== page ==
August 05, 2020

Researchers Receive $2.5 Million NIH Grant to Complete Randomized Controlled Trial on Friends of the Children’s Mentoring Model

The trial is the longest-running study of salaried, professional youth mentoring in the country.

August 5, 2020

PORTLAND, Ore. – Researchers at the University of Washington’s Social Development Research Group were awarded a five-year, $2.5 million grant from the National Institute of Child Health Development (NICHD) at the National Institutes of Health (NIH) to complete a randomized controlled trial (RCT)—the gold standard in research—on Friends of the Children’s 12-year mentoring model. Beginning when children were ages 5 to 6, the study is the longest-running professional, salaried youth mentoring RCT in the country. This grant will support the completion of the second phase of the RCT on youth progress at the end of adolescence.

“When Friends of the Children was founded in 1993, we were committed to building a program that was data-informed and based in sound research,” said Terri Sorensen, CEO of Friends of the Children. “We also wanted third-party investigation from a randomized-controlled trial to explore how children’s lives are impacted by having a long-term, consistent, caring adult presence. We could not be more thrilled that our dedicated researchers will now complete the 12-year study.”

The next phase of the RCT will examine the impact of Friends of the Children’s model on study youth when they finished the program, then at age 19 and then at age 21. The study will also evaluate whether Friends of the Children’s long-term program outcomes were achieved: graduating high school, remaining free from juvenile justice system involvement and waiting to parent until after the teen years. The study will also show how Friends of the Children prepares youth for entering adulthood prepared to succeed.

In 2017, researchers led by J. Mark Eddy, Ph.D. from Partners for Our Children at the University of Washington, published findings from the early years of the study. It showed statistically significant differences between children who had a Friend—a full-time, salaried, professional mentor— and children who did not participate in the program.

When study children averaged 12 years old, youth with a Friend were more likely to behave positively in school and complete tasks on time, use anger-management skills and demonstrate a sense of belonging to the family. Friends’ youth were also less likely to get suspended or expelled from school and be argumentative or disobedient. We also learned that parents rated children’s behavior more positively, which is an important protective factor for the achievement of long-term positive youth development.

“To date, the study findings have suggested that the Friends of the Children model is quite promising, said Kevin P. Haggerty, M.S.W., Ph.D., one of the principal investigators on the study. “While the outcomes mid-way through the program have been similar to volunteer mentoring programs, many of those programs only last about a year, whereas this program commits to provide mentoring to a child for more than 12 years.”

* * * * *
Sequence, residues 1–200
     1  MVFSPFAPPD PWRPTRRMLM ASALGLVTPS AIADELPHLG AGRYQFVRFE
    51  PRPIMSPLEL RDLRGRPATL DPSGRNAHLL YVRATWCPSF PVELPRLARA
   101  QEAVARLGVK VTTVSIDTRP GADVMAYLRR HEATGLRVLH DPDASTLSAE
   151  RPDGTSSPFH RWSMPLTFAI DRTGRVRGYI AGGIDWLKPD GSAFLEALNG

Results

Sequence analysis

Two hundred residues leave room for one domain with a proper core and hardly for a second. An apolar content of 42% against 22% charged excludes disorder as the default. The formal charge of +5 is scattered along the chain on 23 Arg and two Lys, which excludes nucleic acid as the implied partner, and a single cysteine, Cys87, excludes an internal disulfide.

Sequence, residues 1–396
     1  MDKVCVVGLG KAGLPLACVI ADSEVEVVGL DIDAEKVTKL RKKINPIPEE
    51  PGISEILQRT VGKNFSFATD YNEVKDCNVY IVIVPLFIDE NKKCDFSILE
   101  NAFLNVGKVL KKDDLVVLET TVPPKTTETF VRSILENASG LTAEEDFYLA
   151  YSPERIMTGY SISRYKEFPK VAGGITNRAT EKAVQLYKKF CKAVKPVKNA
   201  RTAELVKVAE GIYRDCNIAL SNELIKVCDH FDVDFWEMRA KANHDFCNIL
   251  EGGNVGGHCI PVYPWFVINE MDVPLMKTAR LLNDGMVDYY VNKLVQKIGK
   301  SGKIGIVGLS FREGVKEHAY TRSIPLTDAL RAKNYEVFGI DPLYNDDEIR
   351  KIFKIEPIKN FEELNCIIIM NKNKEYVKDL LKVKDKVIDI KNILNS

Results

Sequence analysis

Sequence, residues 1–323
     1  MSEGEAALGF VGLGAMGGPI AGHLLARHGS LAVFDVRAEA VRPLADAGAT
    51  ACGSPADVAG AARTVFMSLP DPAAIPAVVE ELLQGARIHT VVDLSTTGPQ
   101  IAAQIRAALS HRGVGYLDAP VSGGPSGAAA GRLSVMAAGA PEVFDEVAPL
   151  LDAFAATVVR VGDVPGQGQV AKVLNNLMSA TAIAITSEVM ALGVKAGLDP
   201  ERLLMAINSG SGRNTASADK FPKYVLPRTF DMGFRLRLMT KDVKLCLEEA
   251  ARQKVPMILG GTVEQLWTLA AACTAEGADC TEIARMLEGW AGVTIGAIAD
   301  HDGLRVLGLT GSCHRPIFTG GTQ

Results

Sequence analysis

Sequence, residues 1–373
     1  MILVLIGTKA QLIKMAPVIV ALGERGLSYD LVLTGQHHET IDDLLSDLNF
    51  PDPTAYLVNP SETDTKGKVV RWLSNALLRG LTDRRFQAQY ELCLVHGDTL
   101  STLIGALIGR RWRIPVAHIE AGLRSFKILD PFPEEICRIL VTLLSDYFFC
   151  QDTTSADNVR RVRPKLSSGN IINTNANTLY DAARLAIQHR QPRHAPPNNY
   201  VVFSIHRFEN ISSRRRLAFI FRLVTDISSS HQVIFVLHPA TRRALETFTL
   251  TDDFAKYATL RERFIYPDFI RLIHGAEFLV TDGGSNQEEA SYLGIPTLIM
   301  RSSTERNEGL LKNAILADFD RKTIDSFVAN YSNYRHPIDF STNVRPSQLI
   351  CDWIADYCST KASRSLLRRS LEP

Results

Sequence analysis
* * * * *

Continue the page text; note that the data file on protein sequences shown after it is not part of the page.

Other research has shown that childhood anti-social behavior is an early predictor of adolescent drug and alcohol abuse, as well as other risky behaviors, like academic failure, juvenile delinquency, early sexual behavior and dropping out of school. Research has also shown that a positive parental perception of child behavior is a strong protective factor for youth development.

The study began in 2007 when Eddy and his team of researchers from the non-profit Oregon Social Learning Center in Eugene and collaborators from a variety of other institutions around the country, including Princeton University, were awarded a grant from the NIH to launch the multi-site RCT. In the beginning, 281 children were enrolled from four Friends of the Children chapters: New York, Seattle, Boston and Portland, Ore. Children and families were invited into the study through an intensive child selection process. Half of the children were enrolled in our program, and half were not. Of note is that researchers have recent contact information for 98 percent of the original sample children in the study.

The study has included investments from public funding and private philanthropy, which is unique for RCTs. After the initial NIH investment ended, the study was then funded by the Robert Wood Johnson Foundation, the Edna McConnell Clark Foundation, the Silver Family Foundation, and numerous other regional and local funders.

“Our youth in the program who have been enrolled in the trial are starting to graduate from high school,” said Sorensen. “We will now be able to look at how Friends of the Children’s program impacted their life over the entire course of the program.”

The study will be completed and findings published after the completion of the NIH grant in 2025.